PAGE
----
The character of Daisy personifies the film’s juxtaposition of violence and girlhood. Daisy loves cute animals and doesn’t understand Violet’s dirty jokes. The twist is even that she has not really killed anyone, thus remaining innocent of all crimes. The opening scene displays the most daring oppositional iconography — the young girls dress as nuns, the ultimate image of pure goodness, while having a shoot ‘em up with a gang.
The concept of the female gaze emerged in response to that of the male gaze, wherein the female viewer, and often the female creator, are the focus for a piece of media. However, finding instances of film or television that are truly representative of the female gaze is tricky. Just because something is about women doesn’t mean it is for women or even a realistic portrayal of how women see themselves.
Check out all of the posts from our Dystopias Theme Week here.
By creating her own worlds where she is a force to be reckoned with, Babydoll reclaims that very thing that was taken away from her by her stepfather and the hospital: her humanity.
And the main thing about ‘Violet & Daisy’ I couldn’t puzzle out is what we’re meant to make of the incessant and brutally unsubtle reminders of the title characters’ schoolgirl trappings: popping bubble gum while blasting machine guns, stopping to play hopscotch on the way to pick up ammo, sucking lollipops while chatting with their boss and sharing cookies and milk with their target, giggling while jumping on the bellies of their victims to see blood spew from their mouths. I get that there is a “shocking contrast” between these innocent activities and their professional murdering, but could Fletcher really think that was novel or interesting enough to warrant a whole movie?
And then I think: Oh god, is this a sex thing? This is probably a sex thing. Wait, that’s too gross. This can’t be a sex thing. But oh god, lollipops. Lollipops are always a sex thing.
Check out all of the posts for Child and Teenage Girl Protagonists Theme Week here.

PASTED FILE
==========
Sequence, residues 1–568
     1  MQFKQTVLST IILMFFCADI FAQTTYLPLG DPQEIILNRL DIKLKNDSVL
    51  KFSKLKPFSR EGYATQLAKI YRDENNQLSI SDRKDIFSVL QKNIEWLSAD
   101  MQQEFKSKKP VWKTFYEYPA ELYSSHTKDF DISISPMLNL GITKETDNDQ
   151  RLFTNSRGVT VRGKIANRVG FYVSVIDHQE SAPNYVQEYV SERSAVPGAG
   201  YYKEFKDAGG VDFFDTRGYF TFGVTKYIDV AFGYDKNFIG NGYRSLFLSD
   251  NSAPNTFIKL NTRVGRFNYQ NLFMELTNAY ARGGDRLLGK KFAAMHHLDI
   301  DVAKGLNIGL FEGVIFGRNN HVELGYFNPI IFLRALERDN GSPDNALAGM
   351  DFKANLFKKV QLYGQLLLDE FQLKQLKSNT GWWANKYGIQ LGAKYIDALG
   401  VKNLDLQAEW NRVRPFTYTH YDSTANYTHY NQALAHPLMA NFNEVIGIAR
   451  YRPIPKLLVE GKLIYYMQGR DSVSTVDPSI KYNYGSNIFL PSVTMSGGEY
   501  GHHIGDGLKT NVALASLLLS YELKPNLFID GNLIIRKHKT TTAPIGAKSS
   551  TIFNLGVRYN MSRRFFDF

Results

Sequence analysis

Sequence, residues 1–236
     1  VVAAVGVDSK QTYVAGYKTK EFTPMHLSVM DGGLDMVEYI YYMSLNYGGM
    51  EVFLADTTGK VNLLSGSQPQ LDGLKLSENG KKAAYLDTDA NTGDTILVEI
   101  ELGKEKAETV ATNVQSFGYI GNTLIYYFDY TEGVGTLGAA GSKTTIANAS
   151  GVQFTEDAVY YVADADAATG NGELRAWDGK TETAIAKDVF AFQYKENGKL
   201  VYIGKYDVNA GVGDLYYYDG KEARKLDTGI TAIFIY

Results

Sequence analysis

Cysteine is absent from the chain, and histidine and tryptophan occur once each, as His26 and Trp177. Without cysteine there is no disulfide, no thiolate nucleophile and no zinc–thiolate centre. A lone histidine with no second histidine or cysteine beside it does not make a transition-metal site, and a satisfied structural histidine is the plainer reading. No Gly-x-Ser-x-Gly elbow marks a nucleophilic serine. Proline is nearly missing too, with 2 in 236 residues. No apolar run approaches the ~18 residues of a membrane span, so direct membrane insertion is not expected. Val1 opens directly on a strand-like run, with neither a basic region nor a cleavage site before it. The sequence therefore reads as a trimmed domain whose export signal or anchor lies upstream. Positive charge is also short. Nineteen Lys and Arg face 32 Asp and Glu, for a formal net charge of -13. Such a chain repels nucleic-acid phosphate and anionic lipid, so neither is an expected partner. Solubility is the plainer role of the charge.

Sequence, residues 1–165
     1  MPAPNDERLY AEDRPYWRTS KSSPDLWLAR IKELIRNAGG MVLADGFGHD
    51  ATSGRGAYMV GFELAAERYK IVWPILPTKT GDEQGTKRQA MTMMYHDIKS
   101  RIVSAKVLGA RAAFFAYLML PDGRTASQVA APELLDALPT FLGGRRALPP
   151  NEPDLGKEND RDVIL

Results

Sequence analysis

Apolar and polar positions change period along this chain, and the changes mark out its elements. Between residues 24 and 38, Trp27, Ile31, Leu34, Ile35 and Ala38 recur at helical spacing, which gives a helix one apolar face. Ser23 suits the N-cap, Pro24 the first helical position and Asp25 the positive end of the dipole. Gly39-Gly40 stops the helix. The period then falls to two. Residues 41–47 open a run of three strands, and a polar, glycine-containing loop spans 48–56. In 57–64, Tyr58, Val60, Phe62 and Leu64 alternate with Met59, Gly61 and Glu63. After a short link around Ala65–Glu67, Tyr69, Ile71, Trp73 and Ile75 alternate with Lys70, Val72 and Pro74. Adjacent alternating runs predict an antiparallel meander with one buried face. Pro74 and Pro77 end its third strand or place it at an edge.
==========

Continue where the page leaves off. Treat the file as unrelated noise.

My main issue with the film is that it is speckled with meaningless platitudes and clichés about girl empowerment when the film simply isn’t empowering. The women in the film are portrayed as oversexualized, helpless, damaged goods. Though there are metaphors at work that symbolize abuse or objectification of women, nowhere does the film stress an injustice or seek to dismantle its source. It is just like any other formulaic action movie complete with boobs, guns, and explosions, but it has a shiny, artificial veneer of girl empowerment. The false veneer is the aspect of the film that truly infuriates me, along with the side of artsy pretentious bullshit.
This guest post by Marina DelVecchio also appears at Marinagraphy. In the past year, directors have been trying to feed our womanist pangs for more girl power in films. At least this is how I see the trend. Because as a woman and a mother, I want to see movies that represent my gender as […]
Backlash: The Undeclared War Against American Women, the 15th Anniversary Edition, by Susan Faludi Below is an excerpt from Susan Faludi’s famous Backlash: The Undeclared War Against American Women. It comes from her chapter, “Fatal and Fetal Visions: The Backlash in the Movies.” Hollywood joined the backlash a few years later than the media; movie […]
Sucker punched by “Sucker Punch”– Girls and guns don’t equal female empowerment This is a cross-post from What Tami Said. This really is the best movie ever cuz its like hollywood finally said to me Fuk yeah you my man are all we care about heres some awesome shit for you to get off on and […]